After 26 years in production, 2011 saw Suzuki build its final generation of GSX-R750…
Words: Jon Urry Pics: Mortons Archive
All great things have to come to an end, and in the case of Suzuki’s legendary GSX-R750 model, the swansong arrived in 2011. Okay, technically it wasn’t quite the end – the axe finally swung in 2016 when the GSX-R’s production stopped, but from 2011 onwards the bike’s development was canned and Suzuki’s most iconic bike was retired from action. Sad as this may be to fans of the GSX-R750, it is best to not dwell on the past and instead enjoy the last generation of GSX-R750 for what it is – the best to date and a truly wonderful celebration of not only the GSX-R’s legacy but also the 750 class itself. What makes the last GSX-R750 so special? To properly understand the answer to that, you need to actually ride one, but here is just a taster…
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Unveiled 26 years after the first GSX-R750 changed the sportsbike world, in truth the 2011 model contains nothing that special in terms of its tech. While the BMW S1000RR was busily revolutionising the litre bike class through the introduction of advanced electronics, with the last GSX-R750 Suzuki played it old-school in its upgrades. Well, what else was it going to do? Even its flagship GSX-R1000 lacked tech…
Surprisingly for a bike where sales had pretty much dried up (remember the financial crisis was still in full force in 2008 so cash was tight), Suzuki actually went to town when it came to the 750’s update, although it did save some Yen by sharing its development and major components with the GSX-R600.
So what’s new? Starting with the chassis, Suzuki lightened and made the all-new twin-spar frame shorter by 15mm while also rotating the engine backwards by three degrees for better weight distribution before fitting a new swingarm. To this frame, Showa’s latest generation of BPF forks were bolted on, alongside an upgraded shock, electronic steering damper and Brembo monoblock calipers.
Next up was the engine. Very heavily based around the existing motor, the 2011’s engine features a few small upgrades in the shape of lighter inlet valves, a redesigned exhaust and a new ECU and fuel-injection system, but in all honestly that’s about the sum of it and the claimed power and torque figures were unchanged from the outgoing model’s. Is this an issue? Not when you ride it, as the 2011 GSX-R750 is one of those perfectly balanced bikes that, if it had any more power, would probably actually make it worse, not better.
Hop on the 2011 bike and if you are a fan of GSX-R models, everything is very familiar. The dash is a typical huge rev counter with inset LCD display, the bars aren’t set too low, and the pegs (which, it must be noted, are three-way adjustable in their position over a 14mm horizontal and vertical range) are also well-spaced for all sizes of rider. Instantly you feel comfortable, plugged into the bike, and ready for action without any squirming or contortions as it is such a natural stance. Fire it up and again, it’s a typical GSX-R.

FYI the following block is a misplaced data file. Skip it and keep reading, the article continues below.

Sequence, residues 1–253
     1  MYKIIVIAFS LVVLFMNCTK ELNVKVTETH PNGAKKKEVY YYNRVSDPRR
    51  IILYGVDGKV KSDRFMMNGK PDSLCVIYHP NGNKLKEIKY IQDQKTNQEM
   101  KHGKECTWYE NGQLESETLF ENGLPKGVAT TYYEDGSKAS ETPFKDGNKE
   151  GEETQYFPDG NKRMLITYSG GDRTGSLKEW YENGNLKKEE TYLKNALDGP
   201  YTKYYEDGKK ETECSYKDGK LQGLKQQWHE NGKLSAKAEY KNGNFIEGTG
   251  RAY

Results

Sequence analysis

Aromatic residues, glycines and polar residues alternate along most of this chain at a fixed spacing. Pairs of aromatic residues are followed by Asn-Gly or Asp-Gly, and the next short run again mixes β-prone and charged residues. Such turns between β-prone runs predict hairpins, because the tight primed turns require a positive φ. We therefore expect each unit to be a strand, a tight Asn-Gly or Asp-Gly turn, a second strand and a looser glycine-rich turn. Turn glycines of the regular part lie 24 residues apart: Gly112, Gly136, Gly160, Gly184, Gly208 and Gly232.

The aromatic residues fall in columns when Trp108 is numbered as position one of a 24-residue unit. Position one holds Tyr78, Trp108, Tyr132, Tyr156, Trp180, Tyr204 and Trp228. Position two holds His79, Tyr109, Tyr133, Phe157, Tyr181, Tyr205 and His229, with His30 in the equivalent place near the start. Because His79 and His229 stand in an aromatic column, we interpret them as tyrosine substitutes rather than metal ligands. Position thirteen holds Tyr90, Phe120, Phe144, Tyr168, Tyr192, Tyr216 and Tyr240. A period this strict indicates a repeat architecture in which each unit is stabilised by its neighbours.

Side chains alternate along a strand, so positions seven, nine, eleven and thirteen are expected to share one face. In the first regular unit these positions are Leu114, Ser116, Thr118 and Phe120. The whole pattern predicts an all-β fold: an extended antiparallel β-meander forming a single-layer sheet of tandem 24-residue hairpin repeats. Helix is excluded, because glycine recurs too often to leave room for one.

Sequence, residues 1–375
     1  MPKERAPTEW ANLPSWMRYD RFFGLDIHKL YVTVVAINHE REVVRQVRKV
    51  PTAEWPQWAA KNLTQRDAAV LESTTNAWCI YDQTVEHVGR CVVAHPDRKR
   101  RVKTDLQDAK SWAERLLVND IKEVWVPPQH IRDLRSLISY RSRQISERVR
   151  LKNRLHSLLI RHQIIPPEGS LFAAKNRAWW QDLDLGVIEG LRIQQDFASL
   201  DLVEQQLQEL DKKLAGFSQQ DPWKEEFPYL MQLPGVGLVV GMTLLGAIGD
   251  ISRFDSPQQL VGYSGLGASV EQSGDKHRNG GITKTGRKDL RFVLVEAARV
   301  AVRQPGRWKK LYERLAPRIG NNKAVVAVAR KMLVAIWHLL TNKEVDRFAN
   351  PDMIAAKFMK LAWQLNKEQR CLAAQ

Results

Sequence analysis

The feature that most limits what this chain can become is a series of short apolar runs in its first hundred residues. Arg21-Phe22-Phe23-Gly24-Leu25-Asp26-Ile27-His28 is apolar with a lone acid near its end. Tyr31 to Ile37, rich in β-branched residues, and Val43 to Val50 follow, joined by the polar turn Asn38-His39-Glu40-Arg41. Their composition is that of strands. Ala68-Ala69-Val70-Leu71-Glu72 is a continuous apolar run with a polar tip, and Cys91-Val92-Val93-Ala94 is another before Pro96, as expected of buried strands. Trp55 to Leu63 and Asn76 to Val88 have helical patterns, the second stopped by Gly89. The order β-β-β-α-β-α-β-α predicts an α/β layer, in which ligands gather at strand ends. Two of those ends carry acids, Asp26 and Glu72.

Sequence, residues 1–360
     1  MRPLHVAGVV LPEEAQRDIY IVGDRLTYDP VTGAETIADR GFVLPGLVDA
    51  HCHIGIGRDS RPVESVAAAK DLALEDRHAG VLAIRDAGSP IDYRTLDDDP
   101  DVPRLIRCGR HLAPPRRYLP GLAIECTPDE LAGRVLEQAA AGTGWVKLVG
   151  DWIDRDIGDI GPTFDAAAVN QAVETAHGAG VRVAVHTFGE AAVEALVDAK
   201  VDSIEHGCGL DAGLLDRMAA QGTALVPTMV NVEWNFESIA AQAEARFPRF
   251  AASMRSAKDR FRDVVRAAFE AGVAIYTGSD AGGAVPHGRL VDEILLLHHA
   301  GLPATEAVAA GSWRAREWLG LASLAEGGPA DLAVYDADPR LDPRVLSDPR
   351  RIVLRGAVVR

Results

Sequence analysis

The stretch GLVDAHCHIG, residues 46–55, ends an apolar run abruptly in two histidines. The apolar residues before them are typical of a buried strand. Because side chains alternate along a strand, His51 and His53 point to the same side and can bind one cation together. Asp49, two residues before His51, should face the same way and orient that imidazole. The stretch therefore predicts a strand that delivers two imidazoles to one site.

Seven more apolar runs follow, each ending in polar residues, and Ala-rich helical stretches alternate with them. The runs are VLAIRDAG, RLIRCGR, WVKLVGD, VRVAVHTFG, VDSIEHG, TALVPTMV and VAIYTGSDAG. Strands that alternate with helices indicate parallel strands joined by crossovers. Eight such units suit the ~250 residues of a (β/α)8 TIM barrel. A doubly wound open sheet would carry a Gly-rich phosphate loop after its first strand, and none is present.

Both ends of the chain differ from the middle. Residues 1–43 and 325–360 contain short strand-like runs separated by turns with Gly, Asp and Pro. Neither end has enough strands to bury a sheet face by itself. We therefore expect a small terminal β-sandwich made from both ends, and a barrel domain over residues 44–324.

Ignoring the pointless power modes (see, there is some modern tech…), pulling away reveals a near-perfect throttle connection that once up and rolling allows you to be incredibly precise with the application of the GSX-R’s power. And there is certainly a decent amount of power to play with. In a modern litre bike context, just 124bhp and 74Nm of torque may sound a little lacking. You won’t feel short-changed at all on the road as the GSX-R is still plenty fast enough. Get that engine spinning and it has a good amount of midrange drive that gives way to an intoxicating top-end rush accompanied by a screaming airbox and lots of GSX-R naughtiness. It may not have the brutal power of a litre bike, but what it does have you can actually access and enjoy without feeling intimidated – a statement that applies for both track and road riding. And yes, the GSX-R750 makes for a very good track bike.
Blessed with a Supersport 600’s chassis, thanks to the Showa forks the GSX-R750 has one of the best front ends in the business. Drive it hard at an apex and the Suzuki gives you loads of feedback and confidence as to what is happening, allowing you to really push on. Should you do so, especially on track, you will soon discover that the brakes are a bit substandard, but that only takes a set of braided lines and some new pads to rectify, which is hardly breaking the bank and will have probably been done on most used bikes anyway. Track riders may also like to slip an extra shim under the shock mount to raise the rear a bit, another cheap fix worth trying out.